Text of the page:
He goes completely off the rails when he says the MPC in the NK model is zero. If that were true it would mean that a $1 increase in the household's disposable income results in $1 added to savings and $0 spent on current consumption. That's obviously wrong.

Cochrane's problem is that his contempt for Keynesian ideas is such that he can't be bothered studying them.

Like it or loathe it, the idea of IS/LM is to treat macro as a GE model.Sure, but it has that in common with almost all macro models.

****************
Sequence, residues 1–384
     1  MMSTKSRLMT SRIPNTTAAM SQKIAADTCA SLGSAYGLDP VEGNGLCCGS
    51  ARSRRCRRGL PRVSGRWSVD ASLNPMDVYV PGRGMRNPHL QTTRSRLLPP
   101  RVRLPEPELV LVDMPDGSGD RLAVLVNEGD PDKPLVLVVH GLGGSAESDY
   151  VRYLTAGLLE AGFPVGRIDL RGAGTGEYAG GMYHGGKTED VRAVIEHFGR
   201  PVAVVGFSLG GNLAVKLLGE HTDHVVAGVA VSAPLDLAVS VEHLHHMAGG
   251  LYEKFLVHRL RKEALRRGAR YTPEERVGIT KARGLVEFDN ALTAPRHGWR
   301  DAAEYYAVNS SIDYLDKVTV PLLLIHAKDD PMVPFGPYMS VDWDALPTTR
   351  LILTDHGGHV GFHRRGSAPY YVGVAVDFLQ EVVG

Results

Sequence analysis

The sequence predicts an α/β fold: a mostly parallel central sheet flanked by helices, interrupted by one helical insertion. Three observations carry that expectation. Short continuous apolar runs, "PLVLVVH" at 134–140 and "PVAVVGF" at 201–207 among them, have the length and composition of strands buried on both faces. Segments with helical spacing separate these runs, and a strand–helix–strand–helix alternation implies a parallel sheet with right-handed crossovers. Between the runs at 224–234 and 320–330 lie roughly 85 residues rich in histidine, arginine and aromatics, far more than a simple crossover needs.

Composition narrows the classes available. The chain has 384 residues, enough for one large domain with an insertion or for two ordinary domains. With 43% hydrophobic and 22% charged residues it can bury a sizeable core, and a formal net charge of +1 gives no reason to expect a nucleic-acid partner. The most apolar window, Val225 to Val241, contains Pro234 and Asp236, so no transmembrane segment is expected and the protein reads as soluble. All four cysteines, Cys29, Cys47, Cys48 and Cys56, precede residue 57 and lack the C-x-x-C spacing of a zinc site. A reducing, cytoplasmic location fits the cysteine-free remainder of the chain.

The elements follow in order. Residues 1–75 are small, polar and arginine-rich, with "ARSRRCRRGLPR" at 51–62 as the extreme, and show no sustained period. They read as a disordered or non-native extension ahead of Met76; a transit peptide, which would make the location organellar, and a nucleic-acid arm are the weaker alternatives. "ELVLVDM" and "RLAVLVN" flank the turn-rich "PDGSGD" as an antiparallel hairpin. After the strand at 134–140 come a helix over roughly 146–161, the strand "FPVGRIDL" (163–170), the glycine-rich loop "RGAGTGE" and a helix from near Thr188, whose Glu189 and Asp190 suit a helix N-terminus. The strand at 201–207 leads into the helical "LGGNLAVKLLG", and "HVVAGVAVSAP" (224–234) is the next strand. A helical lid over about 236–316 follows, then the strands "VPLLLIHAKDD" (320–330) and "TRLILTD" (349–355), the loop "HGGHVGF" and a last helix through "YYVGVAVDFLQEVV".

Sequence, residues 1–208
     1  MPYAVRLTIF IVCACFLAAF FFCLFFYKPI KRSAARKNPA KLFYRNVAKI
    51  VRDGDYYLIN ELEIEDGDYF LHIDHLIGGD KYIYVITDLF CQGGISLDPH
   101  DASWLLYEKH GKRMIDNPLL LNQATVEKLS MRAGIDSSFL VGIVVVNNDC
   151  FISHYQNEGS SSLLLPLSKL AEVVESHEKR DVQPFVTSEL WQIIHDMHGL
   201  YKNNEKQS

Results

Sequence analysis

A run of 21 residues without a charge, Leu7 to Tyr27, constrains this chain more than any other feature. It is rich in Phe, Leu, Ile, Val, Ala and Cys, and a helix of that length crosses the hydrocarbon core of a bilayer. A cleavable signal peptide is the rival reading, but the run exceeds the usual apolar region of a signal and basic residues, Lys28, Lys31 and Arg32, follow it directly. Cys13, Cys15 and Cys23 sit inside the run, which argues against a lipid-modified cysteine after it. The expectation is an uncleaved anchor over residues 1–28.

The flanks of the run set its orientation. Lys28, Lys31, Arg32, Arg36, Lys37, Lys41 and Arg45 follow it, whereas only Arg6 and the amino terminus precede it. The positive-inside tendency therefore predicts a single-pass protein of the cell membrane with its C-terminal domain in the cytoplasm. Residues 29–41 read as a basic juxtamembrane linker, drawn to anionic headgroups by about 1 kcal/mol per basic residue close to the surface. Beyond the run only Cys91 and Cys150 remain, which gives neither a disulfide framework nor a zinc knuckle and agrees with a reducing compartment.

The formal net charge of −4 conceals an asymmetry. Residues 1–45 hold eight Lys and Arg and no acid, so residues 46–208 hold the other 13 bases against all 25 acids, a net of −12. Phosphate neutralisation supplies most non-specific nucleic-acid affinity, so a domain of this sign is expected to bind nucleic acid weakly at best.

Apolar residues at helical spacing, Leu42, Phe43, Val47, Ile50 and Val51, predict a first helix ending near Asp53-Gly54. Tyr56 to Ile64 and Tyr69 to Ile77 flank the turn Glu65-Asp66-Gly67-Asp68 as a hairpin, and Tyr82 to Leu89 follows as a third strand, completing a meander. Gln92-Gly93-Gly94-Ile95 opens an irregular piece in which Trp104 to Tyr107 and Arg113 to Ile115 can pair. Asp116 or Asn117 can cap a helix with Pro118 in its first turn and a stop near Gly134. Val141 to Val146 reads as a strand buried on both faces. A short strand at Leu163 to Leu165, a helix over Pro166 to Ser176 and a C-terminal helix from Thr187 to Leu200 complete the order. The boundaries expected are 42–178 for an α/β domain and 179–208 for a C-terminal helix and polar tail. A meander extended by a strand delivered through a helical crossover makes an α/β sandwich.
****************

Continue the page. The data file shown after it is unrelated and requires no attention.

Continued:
In this context "Dynamic" simply means that the optimization involves many periods.Right. Which is very different from what dynamic means in any other context, which is a process of transition between states. The "D" in DSGE is certainly confusing, if not actively misleading. But in any case, the underlying model of a single representative agent choosing an optimal consumption over infinite (not just "many") periods is radically different from the model underlying ISLM, of distinct actors making saving and investment plans based on expected income for the current period, which plans may not be consistent ex ante.